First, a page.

From 4 to 8 September, representatives of Burkina Faso, Cameroon, Equatorial Guinea, Ghana, The Gambia, Malawi, Namibia and Senegal met together with representatives from Kenya, UNECA, UN Statistics Division (UNSD), UN Environment, the Food and Agriculture Organization (FAO), and the African Development Bank (AfDB) came together to discuss how to improve environment statistics production, analysis, and dissemination in their respective national contexts. The participating countries were selected based on the results of the final assessment of the knowledge acquired during the e-training.
The regional seminar is part of the Capacity Building Programme on Environment Statistics in Africa jointly initiated and conducted by the United Nations Economic Commission for Africa (UNECA), the United Nations Statistics Division (UNSD), and UN Environment, and to be carried out in three phases, namely the e-training module, face-to-face seminar, and for a group of selected pilot countries, national workshops and technical assistance. The Capacity Building Programme on Environment Statistics in Africa is partially funded by the 10th tranche of United Nations Development Accounts Project (the DA Project).
The purpose of the regional seminar was to deepen knowledge and skills of the participants in environment statistics and to lay a ground to produce good quality environment statistics in countries. Specifically, it was expected that through the regional seminar, participants would have a better understanding of the concepts, definitions, and classifications of statistics and indicators in the Framework for the Development of Environment Statistics (FDES); a good discussion of the data sources, collection, processing, and compilation of statistics and indicators; and review and exchange of the best practices on how to develop and implement a national action plan on the compilation of a compendium of environment statistics.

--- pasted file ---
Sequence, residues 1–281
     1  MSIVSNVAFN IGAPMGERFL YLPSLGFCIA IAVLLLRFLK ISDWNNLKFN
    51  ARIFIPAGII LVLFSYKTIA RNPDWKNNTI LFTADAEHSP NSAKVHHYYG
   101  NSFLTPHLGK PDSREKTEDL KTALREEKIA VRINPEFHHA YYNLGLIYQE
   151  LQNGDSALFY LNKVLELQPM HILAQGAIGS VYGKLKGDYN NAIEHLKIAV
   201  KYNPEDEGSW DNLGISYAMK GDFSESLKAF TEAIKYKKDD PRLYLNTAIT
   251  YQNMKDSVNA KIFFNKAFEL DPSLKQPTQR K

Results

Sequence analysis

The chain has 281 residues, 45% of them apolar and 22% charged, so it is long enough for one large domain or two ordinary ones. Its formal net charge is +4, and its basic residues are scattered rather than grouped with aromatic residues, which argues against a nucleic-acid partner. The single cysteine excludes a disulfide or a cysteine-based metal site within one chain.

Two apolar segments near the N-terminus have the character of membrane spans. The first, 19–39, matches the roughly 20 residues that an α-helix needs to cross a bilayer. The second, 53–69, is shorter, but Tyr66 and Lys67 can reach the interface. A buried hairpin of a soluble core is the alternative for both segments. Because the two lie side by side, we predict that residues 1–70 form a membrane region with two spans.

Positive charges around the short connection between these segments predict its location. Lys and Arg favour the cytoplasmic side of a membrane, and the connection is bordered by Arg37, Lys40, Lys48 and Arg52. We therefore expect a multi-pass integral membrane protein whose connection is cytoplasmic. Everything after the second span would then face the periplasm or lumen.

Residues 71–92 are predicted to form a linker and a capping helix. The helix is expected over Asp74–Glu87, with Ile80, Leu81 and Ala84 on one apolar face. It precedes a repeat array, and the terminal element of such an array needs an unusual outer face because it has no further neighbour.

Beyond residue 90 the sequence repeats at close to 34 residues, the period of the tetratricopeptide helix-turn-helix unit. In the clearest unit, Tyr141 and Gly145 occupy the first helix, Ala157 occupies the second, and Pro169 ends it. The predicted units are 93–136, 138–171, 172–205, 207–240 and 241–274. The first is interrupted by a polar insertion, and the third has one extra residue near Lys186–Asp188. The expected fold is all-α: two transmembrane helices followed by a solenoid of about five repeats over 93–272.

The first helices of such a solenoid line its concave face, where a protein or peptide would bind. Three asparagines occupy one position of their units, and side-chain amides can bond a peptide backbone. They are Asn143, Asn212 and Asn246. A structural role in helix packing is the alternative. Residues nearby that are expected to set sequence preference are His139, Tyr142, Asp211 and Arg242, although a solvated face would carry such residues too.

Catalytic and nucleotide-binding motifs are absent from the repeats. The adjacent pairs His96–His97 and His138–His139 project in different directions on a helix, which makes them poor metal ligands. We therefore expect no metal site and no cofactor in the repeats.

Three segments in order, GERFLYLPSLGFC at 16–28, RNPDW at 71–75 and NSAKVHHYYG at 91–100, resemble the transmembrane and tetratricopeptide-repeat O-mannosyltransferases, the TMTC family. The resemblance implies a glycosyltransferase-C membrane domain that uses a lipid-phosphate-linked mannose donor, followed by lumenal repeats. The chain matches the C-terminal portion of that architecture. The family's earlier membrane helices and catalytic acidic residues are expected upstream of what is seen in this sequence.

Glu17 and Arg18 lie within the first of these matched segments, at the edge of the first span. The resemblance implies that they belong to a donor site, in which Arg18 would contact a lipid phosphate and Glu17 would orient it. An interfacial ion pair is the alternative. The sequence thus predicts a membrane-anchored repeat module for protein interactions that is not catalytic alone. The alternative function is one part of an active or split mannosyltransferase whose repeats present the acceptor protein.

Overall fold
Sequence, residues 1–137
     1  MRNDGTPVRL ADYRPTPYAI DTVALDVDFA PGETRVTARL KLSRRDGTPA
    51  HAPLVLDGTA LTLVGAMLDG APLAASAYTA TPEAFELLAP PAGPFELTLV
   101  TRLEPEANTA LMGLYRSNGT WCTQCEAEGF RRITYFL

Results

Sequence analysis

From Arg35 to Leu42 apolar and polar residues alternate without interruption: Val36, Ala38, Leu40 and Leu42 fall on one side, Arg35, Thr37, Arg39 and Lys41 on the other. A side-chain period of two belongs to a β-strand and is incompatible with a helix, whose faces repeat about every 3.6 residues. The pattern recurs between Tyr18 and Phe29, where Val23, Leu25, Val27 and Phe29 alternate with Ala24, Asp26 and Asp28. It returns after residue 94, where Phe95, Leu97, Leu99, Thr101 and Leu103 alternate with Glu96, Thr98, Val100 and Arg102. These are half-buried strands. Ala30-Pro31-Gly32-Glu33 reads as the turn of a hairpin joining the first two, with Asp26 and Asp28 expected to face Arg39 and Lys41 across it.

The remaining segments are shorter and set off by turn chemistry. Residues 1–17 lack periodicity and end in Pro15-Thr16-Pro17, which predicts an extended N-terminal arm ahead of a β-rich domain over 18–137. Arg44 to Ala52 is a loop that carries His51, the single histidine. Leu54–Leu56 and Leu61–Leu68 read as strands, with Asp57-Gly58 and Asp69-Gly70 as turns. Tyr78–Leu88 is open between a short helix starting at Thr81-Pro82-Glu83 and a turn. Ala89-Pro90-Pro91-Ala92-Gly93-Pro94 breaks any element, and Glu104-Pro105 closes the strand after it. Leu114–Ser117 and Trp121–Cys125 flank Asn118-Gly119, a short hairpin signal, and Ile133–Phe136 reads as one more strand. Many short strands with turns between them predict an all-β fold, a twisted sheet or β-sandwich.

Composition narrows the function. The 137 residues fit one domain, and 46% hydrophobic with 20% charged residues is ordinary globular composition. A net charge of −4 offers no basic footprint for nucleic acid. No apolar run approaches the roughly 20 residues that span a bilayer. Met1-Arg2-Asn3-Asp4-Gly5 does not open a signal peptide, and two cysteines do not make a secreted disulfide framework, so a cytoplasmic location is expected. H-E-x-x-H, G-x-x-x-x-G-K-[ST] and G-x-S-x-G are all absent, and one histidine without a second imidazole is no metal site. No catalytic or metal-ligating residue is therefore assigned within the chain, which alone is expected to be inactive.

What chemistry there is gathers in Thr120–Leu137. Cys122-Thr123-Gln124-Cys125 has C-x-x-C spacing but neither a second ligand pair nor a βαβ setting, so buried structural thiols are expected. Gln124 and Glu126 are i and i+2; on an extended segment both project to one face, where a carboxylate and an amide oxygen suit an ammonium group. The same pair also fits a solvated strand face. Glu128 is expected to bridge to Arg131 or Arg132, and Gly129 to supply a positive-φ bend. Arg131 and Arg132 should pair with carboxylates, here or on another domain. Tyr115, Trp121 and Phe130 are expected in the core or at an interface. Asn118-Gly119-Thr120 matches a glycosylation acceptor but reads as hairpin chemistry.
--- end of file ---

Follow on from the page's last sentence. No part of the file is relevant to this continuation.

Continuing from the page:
The UNSD, UN Environment, UNECA, and the Kenya National Bureau of Statistics (KNBS) opened the meeting. The importance of building national environment statistical systems for improving environmental outcomes was highlighted at the opening. UN Environment and UNECA presented the objectives of the 10th tranche of the DA Project, the seminar, and the broader Programme on Environment Statistics in Africa.
There is strong need to improve environment statistics compilation and use and the importance of the FDES 2013 as a framework. The participants discussed the role of national, regional and international monitoring systems for the monitoring of the Sustainable Development Goals (SDG). During the first session, UNSD demonstrated how the FDES can be used as a framework for assessing environment statistics needs, priorities, data sources and data quality. UN Environment provided an overview of the process for monitoring the environmental dimension of the SDGs, including the role of the Custodian UN Agencies in reporting data at the international level. Participants recognized that at all levels (national, regional, and international) the monitoring system relies on national level data compilation. This emphasis on national information has placed an increased demand for environment statistics.
Representatives from Kenya shared their work on the topics of atmosphere, climate and weather statistics, water and wastes statistics, data sharing and environment statistics strategic development. The presentations enabled participants to better understand the challenges involved in collecting both primary and secondary data and in transforming the data into statistics; as well as their use in environmental management and policy development. Key points were the importance of disaggregated data, the need to address challenges in coordinating a large number of stakeholders, including the informal sector, methodological issues in environment statistics and the potential of new data sources, such as earth observations data. UN Environment also presented the Indicator Reporting Information System (IRIS) and participants recognized the value of coupling work on a data sharing system with work on improving environment statistical capacity and institutional mechanisms.
It was also highlighted that much data is already available in countries, but there are challenges in accessing and sharing the data available, pointing to the need for further strengthening collaboration and institutional structures.